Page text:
expansion←↓Z

The select structure above represents a mapping that can be expressed as a short D function:

x←{0 0≡⍵:1 0 ⋄ ⌽⍵}⊃¨ mo mn
Recursive function

The loop can be rewritten concisely as a D function with tail recursion.

stephen←{
         0∊≢¨⍵:↑~⍵
         x←(0 1)(1 1)(1 0)⊃⍨(1 0)(1 1)⍳⊂⊃¨⍵  ⍝ inserted, preserved, deleted
         (⍪x),∇ x↓¨⍵
     }
expansion←↓stephen mo mn
Morten’s non-looping function
morten←{
     rn← ≢ ¨⍵
     ord←⍋(2×∊+\¨⍵)-(∊⍵)
     O m←(⊂⊂ord)⌷¨(rn/0 1)(∊⍵)
     {((~m∧O≠⍵)/O=⍵)}¨0 1
 }
expansion←morten mo mn

This function takes the booleans as its right argument. It “orders the enlisted booleans so matching rows are adjacent.” Morten has discussed his function in more detail over on a blog post [3].








Finally, the resulting expansion vectors are used to align the tables.

      ,¨/expansion (expansion⍀¨old new)
  1  A  A  A   0
  0            1  v  v  v
  0            1  w  w  w
  1  B  B  B   1  -  B  B
  1  C  C  C   1  C  -  C
  1  D  D  D   1  -  D  -
  1  E  E  E   0
  1  F  F  F   0
  1  G  G  G   0
  0            1  x  x  x
  0            1  y  y  y
  1  H  H  H   1  H  H  H
  1  I  I  I   1  D  I  D
  1  J  J  J   0
  1  K  K  K   0
  1  L  L  L   0
  1  M  M  M   1  M  M  M
  1  N  N  N   0
  1  O  O  O   0
  0            1  z  z  z

Listing

Putting the four steps together:

∇ Z←old tablediff new;⎕IO;rnew;cnew;ms;aps;wps;sstt;i;end;sc;mo;mn;∆
 ⎕IO←0
 rnew cnew←⍴new

 ⍝ 1. Tabulate match scores
 ms←cnew÷⍨old+.≡⍉new

 ⍝ 2. Generate subsequences to test
 aps←{(⍵/2)⊤⍳2*⍵}                                ⍝ all possible selections
 wps←{⍵/⍨∧⌿~(~∨⌿×ms)⌿⍵}                          ⍝ with possible solutions
 sstt←{⍵[;⍒+⌿⍵]} wps aps rnew                    ⍝ subsequences to test

 ⍝ 3. Select subsequence with highest score
 i←0 ⋄ end←↑⌽⍴sstt ⋄ (sc mo mn)←0 ⍬ ⍬            ⍝ score, maskold, masknew
 :while sc<+/sstt[;i]                            ⍝ scope to improve?
    ∆←(soln ∆/ms),⊂∆←sstt[;i]                    ⍝ evaluate next
    (sc mo mn)←(sc<↑∆) ⌽ (sc mo mn) ∆
 :until end=i←i+1

 ⍝ 4. Align the tables vertically
 Z←old new⍀⍨¨morten mo mn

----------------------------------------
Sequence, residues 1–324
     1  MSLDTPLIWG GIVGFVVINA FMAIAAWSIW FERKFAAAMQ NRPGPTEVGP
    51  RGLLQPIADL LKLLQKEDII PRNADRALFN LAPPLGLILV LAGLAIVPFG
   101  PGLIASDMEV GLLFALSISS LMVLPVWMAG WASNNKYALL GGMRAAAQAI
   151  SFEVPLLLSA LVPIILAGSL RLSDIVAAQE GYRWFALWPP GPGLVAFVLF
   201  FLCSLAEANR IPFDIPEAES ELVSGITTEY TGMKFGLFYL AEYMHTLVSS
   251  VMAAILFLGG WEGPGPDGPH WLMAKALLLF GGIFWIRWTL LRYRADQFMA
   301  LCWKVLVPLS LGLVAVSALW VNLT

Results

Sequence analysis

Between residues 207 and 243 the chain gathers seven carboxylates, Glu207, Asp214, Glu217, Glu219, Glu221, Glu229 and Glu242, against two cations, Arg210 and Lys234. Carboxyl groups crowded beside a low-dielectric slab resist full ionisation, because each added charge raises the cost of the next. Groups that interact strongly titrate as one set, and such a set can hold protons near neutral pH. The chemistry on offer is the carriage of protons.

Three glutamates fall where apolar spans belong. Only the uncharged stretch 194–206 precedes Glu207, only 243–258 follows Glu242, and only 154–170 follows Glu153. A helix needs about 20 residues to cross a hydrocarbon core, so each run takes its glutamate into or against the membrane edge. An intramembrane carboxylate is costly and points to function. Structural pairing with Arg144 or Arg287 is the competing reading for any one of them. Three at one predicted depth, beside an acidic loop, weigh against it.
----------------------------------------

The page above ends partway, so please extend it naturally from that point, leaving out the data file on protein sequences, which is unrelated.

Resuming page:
∇

Scope for improvement

  1. The problem is symmetrical. That is:

    old tablediff new ←→ ⌽ new tablediff old
    

    The longest common subsequence cannot be longer than ⌊/⊃¨⍴¨old new. So only the shorter table should be searched for subsequences. In this example new is the shorter table. tablediff can be improved by switching old and new if the latter is longer then correspondingly reversing the 2-element result.

  2. cmbn←{↑,⊃∘.,/⍵,⊂⊂⍬} is space hungry and inefficient for large tables. Instead, Morten recommends a depth-first search.[4].
  3. The match scores might be calculated faster if the strings were first hashed to integers. Or, if there are many repeated elements, to indexes to a list of the unique elements.

Acknowledgements

I am indebted to Morten Kromberg of Dyalog, my colleague Stephen Taylor, Mike Thomas of Bedarra and Arthur Whitney of Kx for help with this work. Any errors are of course mine.

References

  1. Longest Common Subsequence
    en.wikipedia.org/wiki/Longest_common_subsequence_problem
  2. I have Morten Kromberg to thank for spotting this equivalence. Watch out: this inner product returns wrong results in both APL+Win 12.0 and APLX 4.1.6. In these interpreters use the longer outer-product expression, which returns a correct result.
  3. Morten’s blog post:
    dyalog.com/blog/2014/07/aligning-diff-output-2/
  4. John Scholes on Depth-first searching in D
    youtube.com/watch?v=DsZdfnlh_d0